Second, the ingredients for PISH themselves rest on what appear to be very weak assumptions.[9] They number four: (i) ‘proud of himself’ is a predicate while ‘picture of himself’ is an argument, (ii) ‘Ellen’ in (2) is an argument of ‘proud of himself’ while ‘Ellen’ is not an argument of ‘picture of himself,’ (iii) for an argument to be marked as an argument of a predicate (i.e. theta-marked) it must be in the projection of the predicate (at DS in GB) and (iv) that predicate/argument information is preserved in the course of the derivation (in GB trace theory does this, in MP copies). None of these assumptions seems particularly heroic in the current theoretical climate and most theories of GG that I know of adopt some version of each. Of the three, (iii) is probably the most controversial (and it is the heart of the PISH proposal), but conceptually it simply extends to external arguments the common assumption for internal arguments.[10] (i-iii) lead to the conclusion that ‘Ellen’ is inside the projection of ‘proud of himself’ (but not ‘picture of himself’) before moving to Spec T to be case marked. This in conjunction with principle A/BT (and some version of trace theory, be it semantic or syntactic) suffices to explain the pattern of data in (2).[11]

To reiterate, this is a very conservative analysis of the data in (2): given the theoretical context (widely construed) and adding a conceptually modest PISH suffices to account for the data. Thus PISH is a good candidate explanation for the data in (2) given standard (i.e. non exotic) assumptions. The explanation works and it is based on conceptually conservative assumptions. So, it’s a good story.

Let’s now take one further step: say for purposes of discussion that PISH plus then other assumptions is in fact the best explanation of the data in (2).[12] What conclusion would this license? That PISH is part of the G of English. In other words, the fact that PISH fits well with standard assumptions to get some new data and by assumption does this better than competing proposals licenses the conclusion that PISH is part of the grammar of English.  And given this conclusion, we can now ask a more refined POS question: is PISH part of the structure of the LAD (a principle of UG or derived from a principle of UG) or is it “learned”? In other words, given that this proposal is true what does it tell us about FL?

Many might object at this point that the refined POS question is very theory internal, relying as it does on all sorts of non-trivial assumptions (e.g. A/BT, structured headed phrases, the distinction between an argument and a predicate, some version of trace theory, etc.). And I would agree. But this is not a bug it’s a feature. To object to this way of proceeding is to misunderstand the way the scientific game is played.  Now repeat after me and loudly: “All explanations are theory internal as all accounts go beyond the data.” The relevant question is not whether assumptions are being made, but how good these assumptions are. The PISH argument Jeff outlines is based on very well grounded assumptions within GG (versions of which appear in many different “frameworks”). Of course, one may be skeptical about any results within GG, but if you are one of these people then IMO you are not really part of the present discussion. If the work over the last 60 years has, in your opinion, been nugatory, then nothing any linguist says to you can possibly be of interest (here’s where I would normally go into a rant about flat earthers and climate change deniers). This kind of sweeping skepticism is simply a refusal to play the game (here). Of course, there is no obligation to play, but then there’s no obligation to listen to those that so refuse.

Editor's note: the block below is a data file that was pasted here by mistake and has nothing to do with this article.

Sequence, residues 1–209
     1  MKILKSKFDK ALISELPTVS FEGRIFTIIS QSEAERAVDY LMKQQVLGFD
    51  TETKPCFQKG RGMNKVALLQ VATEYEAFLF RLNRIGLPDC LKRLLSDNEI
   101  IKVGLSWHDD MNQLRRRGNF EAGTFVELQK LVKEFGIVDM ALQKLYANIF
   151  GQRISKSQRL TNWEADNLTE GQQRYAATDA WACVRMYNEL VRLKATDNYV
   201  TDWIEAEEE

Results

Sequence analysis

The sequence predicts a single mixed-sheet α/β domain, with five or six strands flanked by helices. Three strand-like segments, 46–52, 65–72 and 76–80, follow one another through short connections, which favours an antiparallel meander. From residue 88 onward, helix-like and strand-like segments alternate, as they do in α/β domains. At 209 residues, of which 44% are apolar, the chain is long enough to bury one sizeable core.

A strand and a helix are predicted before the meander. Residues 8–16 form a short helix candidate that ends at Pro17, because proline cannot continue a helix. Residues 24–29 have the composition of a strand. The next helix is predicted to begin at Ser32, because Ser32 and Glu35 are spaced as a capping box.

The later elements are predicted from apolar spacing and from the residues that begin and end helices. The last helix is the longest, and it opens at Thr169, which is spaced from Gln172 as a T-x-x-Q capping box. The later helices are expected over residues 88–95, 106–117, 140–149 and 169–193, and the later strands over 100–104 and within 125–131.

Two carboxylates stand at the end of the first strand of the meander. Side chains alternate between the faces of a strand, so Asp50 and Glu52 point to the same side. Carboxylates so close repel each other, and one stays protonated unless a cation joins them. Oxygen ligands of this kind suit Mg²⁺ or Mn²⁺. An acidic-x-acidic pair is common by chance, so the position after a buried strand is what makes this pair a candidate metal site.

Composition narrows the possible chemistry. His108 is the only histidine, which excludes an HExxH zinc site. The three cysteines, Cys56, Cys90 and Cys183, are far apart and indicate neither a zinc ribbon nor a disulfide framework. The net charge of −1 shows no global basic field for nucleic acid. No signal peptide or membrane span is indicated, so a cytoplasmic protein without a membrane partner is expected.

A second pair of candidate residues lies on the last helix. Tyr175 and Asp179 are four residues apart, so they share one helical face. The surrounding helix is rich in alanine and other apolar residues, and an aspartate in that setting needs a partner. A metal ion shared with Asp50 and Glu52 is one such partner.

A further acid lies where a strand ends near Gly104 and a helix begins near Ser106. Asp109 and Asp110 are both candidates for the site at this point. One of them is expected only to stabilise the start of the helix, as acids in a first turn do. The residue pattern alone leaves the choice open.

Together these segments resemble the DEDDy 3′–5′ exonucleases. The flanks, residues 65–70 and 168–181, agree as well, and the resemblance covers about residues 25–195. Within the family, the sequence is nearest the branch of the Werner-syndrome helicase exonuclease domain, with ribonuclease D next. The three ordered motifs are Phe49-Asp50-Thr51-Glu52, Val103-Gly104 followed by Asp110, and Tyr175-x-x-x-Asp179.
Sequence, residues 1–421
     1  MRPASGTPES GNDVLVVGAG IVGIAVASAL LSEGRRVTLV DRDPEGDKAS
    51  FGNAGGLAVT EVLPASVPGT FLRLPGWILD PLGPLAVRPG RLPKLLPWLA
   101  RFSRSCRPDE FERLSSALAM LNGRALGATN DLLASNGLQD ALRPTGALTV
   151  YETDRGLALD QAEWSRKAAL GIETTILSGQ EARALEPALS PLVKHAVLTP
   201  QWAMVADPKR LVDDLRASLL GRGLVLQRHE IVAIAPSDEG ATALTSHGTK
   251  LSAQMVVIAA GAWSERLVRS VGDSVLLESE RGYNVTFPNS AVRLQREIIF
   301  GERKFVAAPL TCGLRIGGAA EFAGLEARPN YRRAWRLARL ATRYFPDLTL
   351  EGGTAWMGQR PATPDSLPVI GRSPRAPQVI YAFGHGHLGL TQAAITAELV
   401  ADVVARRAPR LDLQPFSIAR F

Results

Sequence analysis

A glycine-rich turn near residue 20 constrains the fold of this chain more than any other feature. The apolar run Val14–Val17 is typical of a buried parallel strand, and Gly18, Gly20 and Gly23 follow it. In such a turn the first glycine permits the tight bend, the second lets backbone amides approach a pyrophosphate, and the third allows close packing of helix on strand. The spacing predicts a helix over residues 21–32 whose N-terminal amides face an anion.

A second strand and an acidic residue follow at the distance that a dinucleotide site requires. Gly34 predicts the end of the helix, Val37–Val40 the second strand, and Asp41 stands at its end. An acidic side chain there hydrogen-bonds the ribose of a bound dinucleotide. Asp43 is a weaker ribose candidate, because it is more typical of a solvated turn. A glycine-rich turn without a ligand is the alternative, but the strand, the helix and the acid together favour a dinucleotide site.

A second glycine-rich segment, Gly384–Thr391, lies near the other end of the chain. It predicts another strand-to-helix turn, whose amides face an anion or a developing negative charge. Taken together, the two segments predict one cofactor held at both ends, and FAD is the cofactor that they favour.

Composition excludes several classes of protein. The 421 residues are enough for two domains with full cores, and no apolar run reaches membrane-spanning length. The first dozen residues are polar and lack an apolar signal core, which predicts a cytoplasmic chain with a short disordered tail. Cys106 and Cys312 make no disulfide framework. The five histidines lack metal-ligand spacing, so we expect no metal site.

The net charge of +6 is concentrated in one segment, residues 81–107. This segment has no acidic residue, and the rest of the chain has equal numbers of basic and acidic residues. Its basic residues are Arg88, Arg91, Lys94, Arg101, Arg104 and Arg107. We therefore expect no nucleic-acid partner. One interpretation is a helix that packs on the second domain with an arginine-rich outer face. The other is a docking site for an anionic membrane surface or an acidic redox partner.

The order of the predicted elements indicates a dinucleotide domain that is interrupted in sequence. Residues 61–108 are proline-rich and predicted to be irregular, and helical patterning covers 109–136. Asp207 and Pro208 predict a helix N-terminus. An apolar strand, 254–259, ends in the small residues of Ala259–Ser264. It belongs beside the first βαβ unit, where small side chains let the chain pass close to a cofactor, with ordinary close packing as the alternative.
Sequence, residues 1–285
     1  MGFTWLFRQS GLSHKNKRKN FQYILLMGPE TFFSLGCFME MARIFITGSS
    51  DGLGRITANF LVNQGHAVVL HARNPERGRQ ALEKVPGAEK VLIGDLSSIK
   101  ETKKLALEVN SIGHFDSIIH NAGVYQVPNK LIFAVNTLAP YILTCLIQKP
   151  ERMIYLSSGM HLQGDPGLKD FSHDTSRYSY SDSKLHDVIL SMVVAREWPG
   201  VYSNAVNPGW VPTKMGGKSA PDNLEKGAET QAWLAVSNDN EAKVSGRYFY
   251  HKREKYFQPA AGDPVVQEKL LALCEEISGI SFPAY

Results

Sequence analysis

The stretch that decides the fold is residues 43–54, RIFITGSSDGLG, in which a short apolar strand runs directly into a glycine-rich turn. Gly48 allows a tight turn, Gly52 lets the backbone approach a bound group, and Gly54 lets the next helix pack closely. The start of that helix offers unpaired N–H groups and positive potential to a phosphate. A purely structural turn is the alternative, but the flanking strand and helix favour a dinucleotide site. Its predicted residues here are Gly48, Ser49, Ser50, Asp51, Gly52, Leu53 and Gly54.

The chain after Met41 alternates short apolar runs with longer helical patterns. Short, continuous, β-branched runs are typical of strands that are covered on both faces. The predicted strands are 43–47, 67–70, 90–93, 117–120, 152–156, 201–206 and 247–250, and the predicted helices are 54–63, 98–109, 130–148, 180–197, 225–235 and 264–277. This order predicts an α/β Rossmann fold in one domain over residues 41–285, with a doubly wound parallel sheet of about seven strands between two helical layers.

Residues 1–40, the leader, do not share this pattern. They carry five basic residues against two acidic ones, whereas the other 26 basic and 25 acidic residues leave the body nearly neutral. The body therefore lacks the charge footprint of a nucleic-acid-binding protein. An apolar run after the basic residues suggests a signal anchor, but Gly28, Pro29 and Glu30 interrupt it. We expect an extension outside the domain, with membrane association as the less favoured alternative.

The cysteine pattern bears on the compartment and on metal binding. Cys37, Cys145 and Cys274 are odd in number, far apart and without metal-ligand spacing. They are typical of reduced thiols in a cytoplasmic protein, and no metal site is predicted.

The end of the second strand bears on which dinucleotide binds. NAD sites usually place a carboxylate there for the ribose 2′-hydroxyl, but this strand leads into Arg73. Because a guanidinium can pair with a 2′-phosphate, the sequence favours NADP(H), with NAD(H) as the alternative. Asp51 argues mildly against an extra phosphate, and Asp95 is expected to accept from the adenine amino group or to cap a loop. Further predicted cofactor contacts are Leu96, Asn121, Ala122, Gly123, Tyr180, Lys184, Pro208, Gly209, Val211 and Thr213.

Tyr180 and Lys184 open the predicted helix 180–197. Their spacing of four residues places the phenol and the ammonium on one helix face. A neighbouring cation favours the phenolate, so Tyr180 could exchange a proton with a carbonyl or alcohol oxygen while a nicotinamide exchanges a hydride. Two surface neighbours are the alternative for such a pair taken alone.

To return to the POS, observe that the refined question above is not the same question we asked in Step 2 above. What step 2 showed us was that whatever the explanation of the data in (2) it did not come from the LAD’s generalizing from data like that in (2). Such data does not exist. So if PISH+A/BT+… is the right account of (2) this account has not been induced from data like (2). Rather the explanation must be more indirect, transiting through properties of Gs incorporating principles like A/BT and PISH.  Indeed, if A/BT+PISH+… is the best theory we have for binding data like (2) and if we assume (as is standard in the sciences) that our best theories should be taken as (tentatively) true (at least until something better comes on the scene) then we are in a position to entertain a very refined and interesting POS question (in fact, formulating this question (and considering answers to it) is the whole point of POSs), one relevant to probing the fine structure of FL.

Step 4: Are A/BT and PISH innate features of the LAD or acquired features of the LAD?